A sensor developed at Switzerland-based research facility Empa looks and acts like a piece of fruit – but is actually a spy. Empa is looking for investors to bring the product to market at a price of less than CHF50 a sensor.
In a news release Empa noted that fruits can quickly perish, with the refrigeration inside cargo containers not always guaranteed and existing methods for measuring the temperature not sufficiently reliable.
Despite frequent inspections some fruit is damaged or may even perish during a journey. Although existing sensors measure the air temperature in the freight container, it is the core temperature of the individual fruit that is decisive for the quality of the fruit, said Empa. Previously it had only been possible to measure the core temperature by inserting a sensor through the skin and into the centre, but this could be unreliable if a fruit was taken from the top of the container, because fruit that is closer to the outside of the transport container is better refrigerated than fruit on the inside.
Empa said that sometimes whole container loads had to be destroyed because the temperatures on the inside of the container did not meet the prescribed guidelines. “The USA and China, in particular, are extremely strict regarding the importation of fruit and vegetables,” said Empa, adding that “if the cargo has not been stored for three weeks at a certain minimum temperature, it is not authorized for sale in either of these countries. Refrigeration maintains the freshness and quality of the fruit; it also kills any larvae which can nest in the fruit. It is therefore essential to prove that the refrigeration has actually penetrated all the fruit in the whole consignment for the required period of time”.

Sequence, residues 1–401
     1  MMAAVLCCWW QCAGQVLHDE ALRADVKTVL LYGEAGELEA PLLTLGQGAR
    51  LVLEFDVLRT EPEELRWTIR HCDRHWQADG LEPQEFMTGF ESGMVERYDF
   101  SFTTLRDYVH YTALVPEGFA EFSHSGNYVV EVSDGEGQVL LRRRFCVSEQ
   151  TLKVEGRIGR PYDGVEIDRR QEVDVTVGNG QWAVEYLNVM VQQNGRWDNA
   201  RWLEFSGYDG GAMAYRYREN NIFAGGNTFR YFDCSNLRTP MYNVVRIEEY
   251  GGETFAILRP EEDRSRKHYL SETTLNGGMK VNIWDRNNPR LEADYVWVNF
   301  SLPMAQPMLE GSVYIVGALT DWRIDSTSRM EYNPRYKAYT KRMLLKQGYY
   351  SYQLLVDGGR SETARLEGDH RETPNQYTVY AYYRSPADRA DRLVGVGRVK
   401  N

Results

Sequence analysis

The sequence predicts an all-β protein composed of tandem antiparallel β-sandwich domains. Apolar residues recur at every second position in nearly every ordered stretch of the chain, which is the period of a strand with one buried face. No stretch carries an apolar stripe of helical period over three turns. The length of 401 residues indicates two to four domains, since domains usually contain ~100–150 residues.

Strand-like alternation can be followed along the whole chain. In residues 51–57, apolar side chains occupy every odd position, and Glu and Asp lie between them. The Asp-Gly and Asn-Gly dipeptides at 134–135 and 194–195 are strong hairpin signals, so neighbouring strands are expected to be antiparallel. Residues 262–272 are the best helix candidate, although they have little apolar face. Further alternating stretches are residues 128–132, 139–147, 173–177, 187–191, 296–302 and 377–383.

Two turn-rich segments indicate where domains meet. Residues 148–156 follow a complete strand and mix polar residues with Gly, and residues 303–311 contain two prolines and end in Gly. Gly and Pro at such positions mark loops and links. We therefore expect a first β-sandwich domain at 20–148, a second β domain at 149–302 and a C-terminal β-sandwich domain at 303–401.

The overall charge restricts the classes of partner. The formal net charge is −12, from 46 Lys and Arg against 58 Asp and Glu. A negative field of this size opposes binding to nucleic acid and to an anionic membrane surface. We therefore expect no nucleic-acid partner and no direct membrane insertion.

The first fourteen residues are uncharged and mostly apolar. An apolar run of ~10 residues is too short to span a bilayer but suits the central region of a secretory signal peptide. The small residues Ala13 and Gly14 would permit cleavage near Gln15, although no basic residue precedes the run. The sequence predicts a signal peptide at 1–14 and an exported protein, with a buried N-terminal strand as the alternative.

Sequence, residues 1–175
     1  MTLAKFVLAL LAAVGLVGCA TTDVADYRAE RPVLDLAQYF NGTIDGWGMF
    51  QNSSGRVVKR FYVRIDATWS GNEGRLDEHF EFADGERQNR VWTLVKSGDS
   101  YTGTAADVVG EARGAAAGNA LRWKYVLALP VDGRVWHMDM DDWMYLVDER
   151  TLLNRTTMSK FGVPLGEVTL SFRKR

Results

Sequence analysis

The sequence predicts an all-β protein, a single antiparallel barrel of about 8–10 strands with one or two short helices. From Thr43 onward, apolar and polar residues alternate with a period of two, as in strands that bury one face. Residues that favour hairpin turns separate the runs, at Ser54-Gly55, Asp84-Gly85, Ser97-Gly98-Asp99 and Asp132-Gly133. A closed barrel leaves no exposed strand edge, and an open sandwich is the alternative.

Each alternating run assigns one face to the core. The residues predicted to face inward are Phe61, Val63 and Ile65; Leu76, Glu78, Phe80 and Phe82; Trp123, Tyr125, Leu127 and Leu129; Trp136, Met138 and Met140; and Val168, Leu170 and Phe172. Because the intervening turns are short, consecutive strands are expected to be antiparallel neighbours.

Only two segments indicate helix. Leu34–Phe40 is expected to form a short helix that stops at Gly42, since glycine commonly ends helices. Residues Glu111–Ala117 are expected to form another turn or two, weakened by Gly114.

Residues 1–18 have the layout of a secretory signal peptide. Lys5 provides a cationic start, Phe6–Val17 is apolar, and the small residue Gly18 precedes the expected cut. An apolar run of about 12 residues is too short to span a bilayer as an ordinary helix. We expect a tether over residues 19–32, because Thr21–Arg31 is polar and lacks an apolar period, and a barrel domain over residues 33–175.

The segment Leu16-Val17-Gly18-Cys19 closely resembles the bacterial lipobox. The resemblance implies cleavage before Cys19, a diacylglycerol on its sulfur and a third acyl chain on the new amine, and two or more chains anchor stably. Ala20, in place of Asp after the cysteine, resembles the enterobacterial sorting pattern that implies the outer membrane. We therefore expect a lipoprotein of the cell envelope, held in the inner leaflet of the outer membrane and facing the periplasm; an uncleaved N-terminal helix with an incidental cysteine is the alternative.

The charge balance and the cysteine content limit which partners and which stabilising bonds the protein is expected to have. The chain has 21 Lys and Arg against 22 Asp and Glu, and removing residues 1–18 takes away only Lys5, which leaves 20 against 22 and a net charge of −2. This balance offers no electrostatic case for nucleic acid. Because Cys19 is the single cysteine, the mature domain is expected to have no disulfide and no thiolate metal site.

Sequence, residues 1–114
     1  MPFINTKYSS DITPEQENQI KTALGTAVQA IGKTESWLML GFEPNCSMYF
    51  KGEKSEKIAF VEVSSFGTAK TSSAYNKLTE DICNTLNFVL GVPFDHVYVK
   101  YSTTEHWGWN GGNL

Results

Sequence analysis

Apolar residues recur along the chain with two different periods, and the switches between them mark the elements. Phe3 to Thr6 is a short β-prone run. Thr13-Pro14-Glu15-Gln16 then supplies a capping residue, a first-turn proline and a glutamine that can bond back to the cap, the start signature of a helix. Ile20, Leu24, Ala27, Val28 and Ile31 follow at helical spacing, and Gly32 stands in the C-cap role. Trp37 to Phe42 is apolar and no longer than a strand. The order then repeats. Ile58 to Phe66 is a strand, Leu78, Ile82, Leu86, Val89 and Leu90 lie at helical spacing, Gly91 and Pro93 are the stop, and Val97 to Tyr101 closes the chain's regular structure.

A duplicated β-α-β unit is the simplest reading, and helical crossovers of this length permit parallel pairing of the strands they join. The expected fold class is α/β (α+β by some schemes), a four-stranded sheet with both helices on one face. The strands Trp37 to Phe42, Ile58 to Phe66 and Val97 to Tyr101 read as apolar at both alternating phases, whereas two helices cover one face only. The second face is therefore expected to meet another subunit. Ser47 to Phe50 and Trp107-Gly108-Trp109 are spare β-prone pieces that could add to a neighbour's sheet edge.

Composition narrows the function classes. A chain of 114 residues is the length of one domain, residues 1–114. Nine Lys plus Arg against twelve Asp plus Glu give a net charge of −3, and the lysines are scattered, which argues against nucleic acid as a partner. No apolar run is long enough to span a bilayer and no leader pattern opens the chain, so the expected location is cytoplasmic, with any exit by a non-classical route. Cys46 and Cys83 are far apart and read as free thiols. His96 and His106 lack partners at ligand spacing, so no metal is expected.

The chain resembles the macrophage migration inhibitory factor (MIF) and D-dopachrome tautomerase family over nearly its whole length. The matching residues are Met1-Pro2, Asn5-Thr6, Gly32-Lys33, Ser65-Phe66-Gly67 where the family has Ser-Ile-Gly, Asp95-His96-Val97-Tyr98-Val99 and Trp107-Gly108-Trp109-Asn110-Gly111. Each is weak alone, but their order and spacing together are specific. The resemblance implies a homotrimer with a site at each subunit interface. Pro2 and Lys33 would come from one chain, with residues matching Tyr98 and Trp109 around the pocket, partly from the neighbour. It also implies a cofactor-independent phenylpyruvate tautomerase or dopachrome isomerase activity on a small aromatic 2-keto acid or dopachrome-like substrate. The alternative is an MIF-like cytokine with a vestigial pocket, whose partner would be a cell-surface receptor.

Empa’s artificial fruit sensor is the same shape and size as the relevant fruit and also simulates its composition. It is packed in with the real fruit and travels with it. On arrival at the destination, the data is extracted from the sensor. From this, the researchers hope to gain information about the temperature during transportation. In insurance terms this is important information because it might help assign liability in the case of mass spoilage. The sensor can be used to establish the point in the storage and transport chain at which something went wrong.
Project leader Thijs Defraeye from the Laboratory for Multiscale Studies in Building Physics said: “We analysed the sensors in the Empa refrigeration chamber in detail and all the tests were successful”. However, the same sensor does not work for all fruits. “We are developing separate sensors for each type of fruit, and even for different varieties.” There are currently separate sensors for the Braeburn and Jonagold apple varieties, the Kent mango, oranges and the classic Cavendish banana.
A desirable feature would be to be able to receive the data from the cargo container live and in real time, so that appropriate countermeasures could be taken in the event of abnormal data – thereby potentially saving the fruit cargo. That would require a wireless or Bluetooth connection. “However, our current fruit sensor cannot do that yet. And the price of the product would, of course, go up,” said Defraeye. https://phys.org/news/2017-03-sensor-fruit-cargo.html